Take three top academics, three dangerous ideas, add one comedian and it’s the force of nature that is the Cabaret of Dangerous Ideas (CODI).
Hosted by comedian JoJo Sutherland, and now in its seventh year, CODI is sixty minutes of rapid-fire research from some of the finest minds in the country.
Curated by the University of Edinburgh as part of Beltane Public Engagement Network and produced by Fair Pley, CODI moves online to a live stream compilation format, with a live Q&A through the Live Stream page chat box function.
‘A fascinating discussion' Broadway Baby
‘All of the CODI talks are designed to challenge their audiences' Lancet
‘[T]here are no talks here which don’t promise to be hugely educational and thought-provoking’ List
Wednesday 8th July 2020
Instagram hates women
Instagram is notorious for posting ‘body-correction’ ads for skinny tes, waist-trainers, protein shakes and more, amongst the endless display of “perfect” body images. Despite the growing #bodypositivity and #loveyourbody trends, mental health and body image in young people is at an all-time low. Dr Kat Rezai (Edinburgh Napier University) asks: Is Instagram responsible for a generation’s mental wellbeing? Does Instagram hate women? Or does it just hate our bodies?
We Need to Talk About Alexa!
Dr Mhairi Aitken (Newcastle University) is in a tricky relationship. Things started brilliantly; Alexa moved in right away. She always listened; was always keen to help. But now Mhairi suspects Alexa may be talking about her behind her back. Is she just using her to maximise the profits of a tax-evading multi-national corporation? Maybe. But even so, Mhairi quite likes the perks of having Alexa in her life…
Your scan is normal, goodbye.
What if your leg was paralysed but the scans were normal, and doctors said there was nothing wrong? Professor Jon Stone (The University of Edinburgh) researches Functional Neurological Disorder (FND), a stigmatised cause of disability that is the second commonest reason to see a neurologist. Why are so many people made to feel that they are ‘making up symptoms’? And why is modern healthcare so badly set up to deal with these conditions? Can science heal age-old divisions between brain and mind, and between patients and healthcare professionals?
Wednesday 15th July 2020
This Will Make You Sharper!
Staying sharp as you age is easy… just "eat this super-berry", “do these five simple things” or "play this game to beat dementia"! But what if it’s not as simple as the hype suggests? If we need to put in a bit of effort to keep our brains healthy, would we be willing to do that, and do we even know what those challenging things might be? Alan Gow (Heriot-Watt University) explores what we know about how our thinking skills change as we age, and what we might do to stay sharp.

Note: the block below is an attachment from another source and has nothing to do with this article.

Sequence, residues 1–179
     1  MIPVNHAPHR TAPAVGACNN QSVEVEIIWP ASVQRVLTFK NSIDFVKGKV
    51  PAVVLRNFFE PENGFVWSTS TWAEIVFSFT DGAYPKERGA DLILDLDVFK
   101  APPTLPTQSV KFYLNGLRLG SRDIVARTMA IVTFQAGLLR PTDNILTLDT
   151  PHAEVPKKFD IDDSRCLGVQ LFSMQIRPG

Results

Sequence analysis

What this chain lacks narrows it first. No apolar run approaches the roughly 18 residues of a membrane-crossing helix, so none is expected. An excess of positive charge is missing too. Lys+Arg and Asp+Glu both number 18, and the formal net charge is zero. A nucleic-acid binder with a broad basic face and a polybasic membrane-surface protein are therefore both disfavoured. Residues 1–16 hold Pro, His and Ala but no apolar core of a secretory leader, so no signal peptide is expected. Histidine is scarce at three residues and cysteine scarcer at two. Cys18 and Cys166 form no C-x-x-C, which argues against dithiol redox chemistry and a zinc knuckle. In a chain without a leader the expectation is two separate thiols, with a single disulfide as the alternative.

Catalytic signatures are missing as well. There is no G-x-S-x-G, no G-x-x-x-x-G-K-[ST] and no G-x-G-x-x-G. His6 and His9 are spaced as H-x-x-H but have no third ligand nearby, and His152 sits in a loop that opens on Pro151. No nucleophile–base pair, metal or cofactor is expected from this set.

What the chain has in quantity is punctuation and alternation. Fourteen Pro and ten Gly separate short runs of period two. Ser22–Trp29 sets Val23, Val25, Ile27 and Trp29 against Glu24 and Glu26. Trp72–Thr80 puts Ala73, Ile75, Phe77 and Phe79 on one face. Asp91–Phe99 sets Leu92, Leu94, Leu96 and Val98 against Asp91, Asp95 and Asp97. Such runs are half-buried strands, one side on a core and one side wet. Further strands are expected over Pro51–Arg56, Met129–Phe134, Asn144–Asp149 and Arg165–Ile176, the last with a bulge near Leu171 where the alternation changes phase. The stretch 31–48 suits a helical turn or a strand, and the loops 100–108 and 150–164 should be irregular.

As our data continues to be collected, exchanged, stored, sold and analysed, are we giving away more than we can comprehend? Do we have control over our digital lives? What would that even look like? Join Will Abramson (Edinburgh Napier University) on an exploration of identity and existence in our increasingly digital society. Take a glimpse into a more trusted future and hopefully leave better prepared to take advantage of it. Are you ready to play your part in this future?
AI-enabled robots are on the rise and in some tasks they already beat humans! Soon, they will take their place alongside doctors in our health system, interpreting your X-rays and MRI scans better than their human colleagues. Together, doctors and intelligent robots could enable huge advances in our ability to diagnose diseases early and perform surgery with greater precision. Dr Subramanian Ramamoorthy (The University of Edinburgh) explores what is becoming possible and what questions this raises for patients and medical professionals.
Wednesday 22nd July 2020
We’re all conspiracy theorists!
From mind control chemicals in the water to alien lizards controlling the world, conspiracy theories surround us and continue to shape the world. But what makes some conspiracy theories go viral? What aspects of them ensure they will stick in the mind and spread from person to person? Using the latest psychological research, Joe Stubbersfield (Heriot-Watt University) can build a conspiracy theory sure to capture people’s minds. But can he then stop it spreading?
When did you last have sex?
And who else knows? Ubiquitous fitness, health and dating apps ask us some very personal questions. Who do you really want to know about your private life and health? Your partner? Family? Friends? Doctor? Google? How much do we really share with technology companies? Fitness, health and dating apps such as AppleHealth, GoogleFit and Flo are increasingly demanding our data in return for services. Should you answer them? Social and legal anthropologist Giulia De Togni (The University of Edinburgh) asks what price we are willing to pay for ‘better’ health and wellbeing.
Are Women Assholes?
Women do so much to keep other people happy, yet are assholes to each other. Why? Are we not happy with ourselves? Are we not happy with each other? Does competitiveness drive our insecurities or do women’s insecurities drive our competitiveness? Are we afraid of being alone? Why is single status so threatening? Amy Andrada (The University of Edinburgh) wants to know. In her quest, she discovers women need each other, far more than anyone else…they just don’t know it yet.